Rising Demand, Supply Shortage to Cause Logistics Costs in China to Skyrocket

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Rental rates of logistics properties across China expected to rise 20 percent this year

Mar. 24 – CB Richard Ellis, the world’s largest commercial real estate services firm, recently released a report describing how a more acute shortage of logistics land supply and a more rapid rate of appreciation of logistics rents will cause logistics costs in China to spike in the near future.

The report, “China’s Logistics: Rising Demand but a Shortage of Supply,” lists the major driving factors for logistics demand as:

  • Manufacturing bases relocating to inland China
  • Internal consumption hitting an all-time high
  • Exports rebounding strongly after the Global Financial Crisis
  • Vacancy rates for modern logistics facilities reaching historical lows
  • Available land for logistics development becoming increasingly rare

“The confluence of the current supply-demand imbalance, the effects of rising fuel prices, increasing labor costs and escalating rental rates are likely to push logistics costs to record highs,” CBRE’s Executive Director of Industrial and Logistics Services Andrew Hatherley said. “The rental rates of logistics properties across China are expected to increase up to 20 percent this year.”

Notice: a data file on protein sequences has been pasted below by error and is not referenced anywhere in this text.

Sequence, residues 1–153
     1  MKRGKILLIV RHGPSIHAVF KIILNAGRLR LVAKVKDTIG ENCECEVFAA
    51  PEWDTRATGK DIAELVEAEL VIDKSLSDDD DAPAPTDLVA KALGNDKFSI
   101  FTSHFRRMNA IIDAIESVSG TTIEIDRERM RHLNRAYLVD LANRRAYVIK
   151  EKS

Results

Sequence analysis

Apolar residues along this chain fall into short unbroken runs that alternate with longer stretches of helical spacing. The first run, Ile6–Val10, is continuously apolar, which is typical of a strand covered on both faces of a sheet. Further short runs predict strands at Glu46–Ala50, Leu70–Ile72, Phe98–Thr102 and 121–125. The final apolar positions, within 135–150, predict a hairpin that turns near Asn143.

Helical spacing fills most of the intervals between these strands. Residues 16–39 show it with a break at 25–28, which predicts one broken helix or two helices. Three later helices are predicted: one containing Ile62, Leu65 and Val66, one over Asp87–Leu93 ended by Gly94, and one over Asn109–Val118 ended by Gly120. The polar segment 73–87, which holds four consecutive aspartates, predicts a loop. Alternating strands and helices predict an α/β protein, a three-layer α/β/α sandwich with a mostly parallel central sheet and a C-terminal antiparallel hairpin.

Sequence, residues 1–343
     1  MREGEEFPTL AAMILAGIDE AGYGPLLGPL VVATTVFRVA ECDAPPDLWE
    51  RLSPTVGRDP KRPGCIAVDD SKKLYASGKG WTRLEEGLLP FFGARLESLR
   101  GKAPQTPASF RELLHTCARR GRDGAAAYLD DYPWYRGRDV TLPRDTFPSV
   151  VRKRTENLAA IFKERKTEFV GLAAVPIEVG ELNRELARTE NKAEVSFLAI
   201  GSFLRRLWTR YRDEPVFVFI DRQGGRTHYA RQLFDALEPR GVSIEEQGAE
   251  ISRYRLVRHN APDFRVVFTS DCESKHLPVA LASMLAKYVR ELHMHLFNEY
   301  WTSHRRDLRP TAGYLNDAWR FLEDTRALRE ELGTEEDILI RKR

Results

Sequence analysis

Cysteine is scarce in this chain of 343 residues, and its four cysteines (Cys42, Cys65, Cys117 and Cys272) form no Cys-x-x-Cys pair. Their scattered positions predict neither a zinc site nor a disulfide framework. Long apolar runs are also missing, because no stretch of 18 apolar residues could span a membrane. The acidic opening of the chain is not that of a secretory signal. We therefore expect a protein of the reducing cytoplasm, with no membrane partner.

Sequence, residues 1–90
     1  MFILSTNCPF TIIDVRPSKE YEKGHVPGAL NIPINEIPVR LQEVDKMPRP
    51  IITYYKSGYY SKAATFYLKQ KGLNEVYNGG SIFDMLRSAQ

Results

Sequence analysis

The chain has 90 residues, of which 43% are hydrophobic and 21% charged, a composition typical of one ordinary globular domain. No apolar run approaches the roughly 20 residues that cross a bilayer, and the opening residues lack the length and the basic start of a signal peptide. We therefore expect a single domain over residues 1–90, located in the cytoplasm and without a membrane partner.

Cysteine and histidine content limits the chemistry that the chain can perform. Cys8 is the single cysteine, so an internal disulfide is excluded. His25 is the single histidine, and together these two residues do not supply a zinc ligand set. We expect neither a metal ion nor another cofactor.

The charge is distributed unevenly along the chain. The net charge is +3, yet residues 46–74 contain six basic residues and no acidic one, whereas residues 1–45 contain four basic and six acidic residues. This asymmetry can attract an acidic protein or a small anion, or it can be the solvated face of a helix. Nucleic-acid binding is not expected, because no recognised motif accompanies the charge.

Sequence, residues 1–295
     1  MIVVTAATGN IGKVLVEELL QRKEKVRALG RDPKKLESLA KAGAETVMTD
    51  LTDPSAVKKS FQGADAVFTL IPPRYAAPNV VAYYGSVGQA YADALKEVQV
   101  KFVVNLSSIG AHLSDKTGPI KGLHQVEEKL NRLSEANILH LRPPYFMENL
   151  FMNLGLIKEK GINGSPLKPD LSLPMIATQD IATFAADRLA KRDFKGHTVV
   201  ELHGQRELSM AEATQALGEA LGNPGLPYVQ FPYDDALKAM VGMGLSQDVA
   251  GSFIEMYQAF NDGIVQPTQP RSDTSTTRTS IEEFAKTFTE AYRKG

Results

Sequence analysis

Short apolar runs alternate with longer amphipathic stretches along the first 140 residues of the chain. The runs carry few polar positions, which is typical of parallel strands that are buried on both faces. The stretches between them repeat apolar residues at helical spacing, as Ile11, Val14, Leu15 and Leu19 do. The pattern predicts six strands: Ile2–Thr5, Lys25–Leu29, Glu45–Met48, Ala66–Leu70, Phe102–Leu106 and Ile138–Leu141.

CBRE also explains in the report that since residential and commercial sites tend to command higher values than those fetched for industrial sites, local governments have a tendency to allocate residential and commercial zoning rather than industrial zoning when planning new development areas.

While offices, factories, and R&D facilities within industrial and high-tech parks are projects that will bring in revenue and boost employment, CBRE notes that the increase in business flow and employment directly resulting from the development of storage facilities is limited.

Consequently, Hatherley believes that demand for logistics space is expected to outstrip supply across the nation in the coming year, forcing rents to soar. He also says that the average logistics rents in Beijing are now higher than Shanghai.

“The appreciation of logistics rents and the shortage of land for logistics facilities poses a challenge for both the real estate sector and society as a whole, as logistics operators, retailers, and manufacturers will factor in higher storage costs in the pricing of goods,” Hatherley added.

The increase in storage costs, which accounts for roughly one-third of overall logistics costs, or 5.9 percent of the country’s GDP, will add further pressure to the already high rate of inflation in China.

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